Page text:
One of the aspects of the 2008 primary campaign that I have not enjoyed is that I repeatedly have to disagree with friends and colleagues who I respect quite a bit. During the 2004 primaries, I was a relative unknown in politics blogging out of my bedroom, and did not know a single staff member for any of the Democratic campaigns. Four years later, even though I still blog out of my bedroom, I know multiple staff members on every campaign, and had relationships with them before they even joined the campaign. Mainly, we got to know each other during the 2004 general election and the 2005-2006 midterm cycle, when we were always pretty much on the same page. In 2007-2008, it has not been fun to disagree with these same friends and colleagues in public on a regular basis.
A case in point comes from a recent memo by Peter Daou, a member of Hillary Clinton's senior staff who I consider both a colleague and a friend. Two days ago, he released a memo entitled "Three Myths About the Democratic Race", that included a section arguing that "the delegate 'math' works decisively against Hillary" is a myth. This just isn't true, and let me explain why as simply as I can:
Myth: The pledged delegate count is close
Fact: Obama leads pledged delegates by 6.0% with only 17.4% remaining
According to the best available count, Obama currently leads among pledged delegates 1,415.5 to 1,253.5, a margin of 162 with 18 delegates currently for Edwards and 566 left to be determined. In terms of percentages, this translates to Obama 52.7%--46.7% Clinton, with 82.6% reporting. In any other campaign, if a candidate led by 6% with 83% reporting, all major news outlets would project that candidate as the winner. 6.0% is greater than the margin by which Bill Clinton won the 1992 election, and also greater than the margin by which Republicans won the 2002 midterms. I don't know anyone who follows politics who considers those close campaigns.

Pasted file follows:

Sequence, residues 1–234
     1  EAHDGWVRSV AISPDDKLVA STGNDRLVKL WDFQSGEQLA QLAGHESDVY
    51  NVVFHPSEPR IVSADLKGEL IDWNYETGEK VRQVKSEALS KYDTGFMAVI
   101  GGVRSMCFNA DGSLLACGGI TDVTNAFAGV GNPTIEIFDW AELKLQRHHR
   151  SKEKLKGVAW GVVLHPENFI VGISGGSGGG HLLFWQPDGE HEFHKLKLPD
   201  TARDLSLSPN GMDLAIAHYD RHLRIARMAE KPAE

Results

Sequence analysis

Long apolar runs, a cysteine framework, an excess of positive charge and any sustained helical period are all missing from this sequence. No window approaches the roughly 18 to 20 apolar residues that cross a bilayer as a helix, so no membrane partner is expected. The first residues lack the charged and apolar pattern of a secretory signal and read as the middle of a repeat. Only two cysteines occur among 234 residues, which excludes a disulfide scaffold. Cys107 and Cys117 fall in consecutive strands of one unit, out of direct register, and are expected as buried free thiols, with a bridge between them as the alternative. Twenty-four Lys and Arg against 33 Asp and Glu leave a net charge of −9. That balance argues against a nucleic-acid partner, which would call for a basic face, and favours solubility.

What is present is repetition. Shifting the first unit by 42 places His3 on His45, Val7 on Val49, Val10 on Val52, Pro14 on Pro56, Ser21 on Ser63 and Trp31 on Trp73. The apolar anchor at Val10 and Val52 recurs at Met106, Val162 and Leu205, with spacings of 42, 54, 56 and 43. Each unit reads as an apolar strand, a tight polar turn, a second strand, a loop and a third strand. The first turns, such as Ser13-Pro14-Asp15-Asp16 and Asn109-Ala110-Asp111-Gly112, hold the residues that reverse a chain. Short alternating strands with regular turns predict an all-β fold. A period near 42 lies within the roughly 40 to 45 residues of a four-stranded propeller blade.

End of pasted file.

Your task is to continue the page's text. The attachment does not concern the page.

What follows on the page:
Myth: Clinton can use Michigan and Florida to catch up
Fact: The Obama campaign will dictate what happens in Michigan and Florida
Some delegate totals include the Michigan and Florida delegations projected based on the result of the January primaries in those states. This is a mistake, and not because of any arguments about democracy or rules or whatever. Instead, it is a mistake simply because it is inaccurate. The fact is that there will be no revote in Michigan and Florida. The fact is that any pre-June deal on the Michigan and Florida delegations will have to be approved by the Barack Obama campaign. The fact is that after June 10th, the credentials committee takes jurisdiction over the matter. The fact is that Barack Obama will control the credentials committee, since its members are elected by pledged delegates. The fact is that even if the credentials committee submits a minority report on the Michigan and Florida delegations to the floor of the convention, Florida and Michigan delegates will not participate in that vote. In other words, the fact is that unless Clinton catches Barack Obama in non-Florida and Michigan delegates, then Obama will be able to dictate how Florida and Michigan are seated at the convention. As such, Clinton cannot use Florida and Michigan as a means to catch up unless the Obama campaign allows her to do so.
Myth: Clinton can use a combination of pledged and superdelegates to catch Obama
Fact: There are only 841 delegates left, and Obama leads by 141